In my last post I discussed teaching history through the use of a simulation of Congress. I gave students a bill from the past, then had them “cast a vote” on the bill by writing an argumentative essay using evidence from the time period (speeches delivered in Congress, newspaper articles, editorial cartoons, etc.) to justify their “vote”. The last part of the process was I had students make a “Contemporary Connection” by reading an NPR article about a similar policy debate being had today in Washington. Students then had to decide if they support or oppose today’s policy. Lastly, they then had to make a comparison to their opinion on the past policy debate with their opinion on the policy debate today. For example; students would have to account for why they had “voted” in favor of H.R.5804 (which became the “Chinese Exclusion Act”), but were then opposed to restrictive immigration policies today?Continue reading Why does what happened in 1890 still matter (Version 2.0)→
Adam Topliff teaches 8th Grade social studies & civics at Wamego Middle School in Wamego, KS. And loves all things Hamilton!
Let’s take a field trip. I want you to travel back to your college days.
OK . . . before we go any further, this is not traveling back to all the parts of college. There may be a few details that you would like to forget or some events that you can’t quite remember as clearly as you might hope.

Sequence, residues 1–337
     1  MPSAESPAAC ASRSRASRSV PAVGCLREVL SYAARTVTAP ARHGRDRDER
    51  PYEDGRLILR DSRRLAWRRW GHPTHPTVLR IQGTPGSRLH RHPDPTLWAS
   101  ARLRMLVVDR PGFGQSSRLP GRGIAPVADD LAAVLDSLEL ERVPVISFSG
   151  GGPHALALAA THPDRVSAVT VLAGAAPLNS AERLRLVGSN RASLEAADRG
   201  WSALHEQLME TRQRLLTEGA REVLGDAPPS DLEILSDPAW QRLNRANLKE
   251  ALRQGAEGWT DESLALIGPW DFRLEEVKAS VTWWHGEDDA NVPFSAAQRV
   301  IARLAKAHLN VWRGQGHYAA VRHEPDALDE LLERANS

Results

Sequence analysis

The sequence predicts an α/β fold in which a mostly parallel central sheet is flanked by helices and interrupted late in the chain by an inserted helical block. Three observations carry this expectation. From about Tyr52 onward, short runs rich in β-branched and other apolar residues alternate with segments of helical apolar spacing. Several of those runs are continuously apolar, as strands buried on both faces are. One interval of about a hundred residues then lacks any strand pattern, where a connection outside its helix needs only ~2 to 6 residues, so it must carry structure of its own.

But I do want you to take a quick memory ride back to your education classes, specifically your methods of instruction class.
What do you remember from the class? What were you able to take from that class that was designed to help you prepare to go into the classroom and be the teacher you aspired to become? I can’t speak for all the colleges but I can say I took mountain of information from my methods class at Emporia State. (Thanks Dr. Mallein!)
The thing I liked the most is that the class was truly an active lab of learning how to teach beyond just the Social Studies. This was about teaching kids. Everything from lesson plan design, to effectively implementing small groups, was geared to see the importance of the student first, not the content. Those lessons have greatly influenced my own thinking and methods as a middle school teacher.
You may not have had a similar experience. If you didn’t, I hope you were able to connect later with others in the profession who helped you grow. And I hope that you’re now motivated to help build the profession by finding ways to support and encourage others in becoming quality social studies educators.